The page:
BEING backstage isn’t as interesting as I thought it would be. Instead of the alcohol, drugs and screaming admirers, there is a bloke vacantly staring into space while having a fag. It does have its perks though, and we have the best seats in the house while The Vaselines finish up with the frenzied Dying For It.

Closest to me is Scott Paterson, a guitar player who joined the band only last year. That’s not to suggest any naivety on his part though as he spent 11 years playing with Glasgow heavyweights Sons and Daughters.

However, his years in the business pale in comparison with Eugene Kelly and Frances McKee. The former walks off stage, guitar in hand and head down revealing, instead of the long hair he sported at his peak, a heavily receded and greying hairline. His nonchalance about such a well-received performance – it brought chants of “one more tune” – speaks volumes of his experience.

“The gig was fine,” he says. “But I wore a big jumper so I found it very hot.”

“There was a song or two in the setlist that was a bit blasphemous, but they were surprisingly well-received,” drummer Michael McGaughrin says.

The song in question is the sarcastically titled Jesus Wants Me For A Sunbeam. Released in 1987 and written as a parody to the children’s hymn I’ll Be A Sunbeam, it is no wonder the percussionist had second thoughts about playing it at what was once a Christian festival.

Nothing seems to faze Frances, who appears to be perfectly comfortable and speaks to a stranger like an old friend.

“We play at all sorts. The last one we did was in Barcelona. Wherever we’re asked, we go. No place is too small, no place is too big,” she says.

During their first stint between 1986-1990, the band were admired by high-profile artists such as Nirvana and Belle & Sebastian before splitting up when the two singers’ relationship ended. After reforming in 2008, they have found a new audience, despite the years of absence.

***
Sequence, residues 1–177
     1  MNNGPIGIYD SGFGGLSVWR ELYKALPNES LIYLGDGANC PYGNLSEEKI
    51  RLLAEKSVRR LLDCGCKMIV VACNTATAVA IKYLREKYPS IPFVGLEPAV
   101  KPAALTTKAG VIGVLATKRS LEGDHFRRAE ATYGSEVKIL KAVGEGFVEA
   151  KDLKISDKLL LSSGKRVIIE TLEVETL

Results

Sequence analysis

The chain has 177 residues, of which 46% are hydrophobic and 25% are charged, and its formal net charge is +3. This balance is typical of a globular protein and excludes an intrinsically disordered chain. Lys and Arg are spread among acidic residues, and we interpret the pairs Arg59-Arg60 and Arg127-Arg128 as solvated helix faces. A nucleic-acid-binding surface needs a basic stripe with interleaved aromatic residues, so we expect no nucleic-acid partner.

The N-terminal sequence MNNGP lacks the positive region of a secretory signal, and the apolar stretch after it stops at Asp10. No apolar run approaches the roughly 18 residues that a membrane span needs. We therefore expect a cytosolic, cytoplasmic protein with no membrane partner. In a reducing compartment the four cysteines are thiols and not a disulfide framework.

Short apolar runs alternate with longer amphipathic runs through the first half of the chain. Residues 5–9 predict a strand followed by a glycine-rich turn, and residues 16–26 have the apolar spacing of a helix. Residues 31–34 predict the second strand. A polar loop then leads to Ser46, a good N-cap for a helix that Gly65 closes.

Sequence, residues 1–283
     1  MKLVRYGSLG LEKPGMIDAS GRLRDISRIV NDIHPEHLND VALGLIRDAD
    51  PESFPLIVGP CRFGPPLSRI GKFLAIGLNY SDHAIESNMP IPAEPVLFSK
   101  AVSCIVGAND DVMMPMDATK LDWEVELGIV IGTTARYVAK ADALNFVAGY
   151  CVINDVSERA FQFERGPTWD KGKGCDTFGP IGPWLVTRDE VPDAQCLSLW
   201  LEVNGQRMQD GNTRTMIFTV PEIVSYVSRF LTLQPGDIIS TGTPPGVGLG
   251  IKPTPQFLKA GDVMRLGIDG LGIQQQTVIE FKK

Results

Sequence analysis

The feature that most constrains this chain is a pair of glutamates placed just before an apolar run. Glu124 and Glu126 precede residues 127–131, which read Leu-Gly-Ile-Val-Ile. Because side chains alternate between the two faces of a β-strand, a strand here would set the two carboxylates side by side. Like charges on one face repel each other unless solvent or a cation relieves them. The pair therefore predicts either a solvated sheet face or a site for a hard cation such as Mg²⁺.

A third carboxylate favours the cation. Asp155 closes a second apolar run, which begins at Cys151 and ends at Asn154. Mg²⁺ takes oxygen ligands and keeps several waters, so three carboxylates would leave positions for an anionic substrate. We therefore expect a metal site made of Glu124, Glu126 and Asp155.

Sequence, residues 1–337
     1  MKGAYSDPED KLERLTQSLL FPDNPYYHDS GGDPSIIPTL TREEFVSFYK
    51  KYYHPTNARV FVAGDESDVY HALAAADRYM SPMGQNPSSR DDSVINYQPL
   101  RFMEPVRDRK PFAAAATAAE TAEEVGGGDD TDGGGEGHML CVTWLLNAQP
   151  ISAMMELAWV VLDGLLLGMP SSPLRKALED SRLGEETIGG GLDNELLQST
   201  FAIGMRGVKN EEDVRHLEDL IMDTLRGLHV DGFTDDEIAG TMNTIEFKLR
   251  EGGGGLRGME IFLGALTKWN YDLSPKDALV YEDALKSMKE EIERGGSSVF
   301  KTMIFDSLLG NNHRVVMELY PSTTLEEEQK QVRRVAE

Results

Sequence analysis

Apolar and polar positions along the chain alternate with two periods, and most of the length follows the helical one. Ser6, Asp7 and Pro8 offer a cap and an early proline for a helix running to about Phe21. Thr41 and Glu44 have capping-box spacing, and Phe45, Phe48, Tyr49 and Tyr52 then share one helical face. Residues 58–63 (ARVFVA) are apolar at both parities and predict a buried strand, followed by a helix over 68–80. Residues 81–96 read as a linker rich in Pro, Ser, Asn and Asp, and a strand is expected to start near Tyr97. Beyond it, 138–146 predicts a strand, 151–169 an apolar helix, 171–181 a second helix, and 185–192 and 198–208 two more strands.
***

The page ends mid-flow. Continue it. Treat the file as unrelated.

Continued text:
Eugene tells me: “We don’t just want to play to people our own age, young people makes it more interesting. I think people are maybe just getting interested in us over the last few years because they’re only just getting a chance to hear us.

“I think over the last five, six or seven years we have got to playing to new people and finding new fans.”

He begins to mention the latest album, V For Vaselines, but he is interrupted and has to run off.

Scott picks up from where he left off: “I can appreciate the new record more because I didn’t write any of it. They’re great tunes.

“I think they just wanted to do some Ramonesy, scuzzy pop, its what they do really well. It’s not far off what they were doing before. Back in the day they were pretty heavy, you listen to things like Dying For It and Lovecraft with lots of feedback.”

This is all I get from him before he is called away too. The band members are running around, putting guitars away, rolling up leads and carrying amps, while loading it all into the back of a truck.

Only Frances isn’t carrying things. Instead, she is sat in front of a box signing paperwork. I’m surprised they don’t have someone to do this for them.

“It’s just the way it is,” Eugene tells me. “We’re involved in a dying industry. It’s all this X-factor and The Voice stuff, it’s changing things. There are just not the same opportunities for musicians.”

Whether the same opportunities are there or not, the Vaselines are certainly making the most of the ones they’ve been given.

The storming performance was much more than just a trip down memory lane. It seems there is still much more to come from Frances and the band, who have far from lost their spark.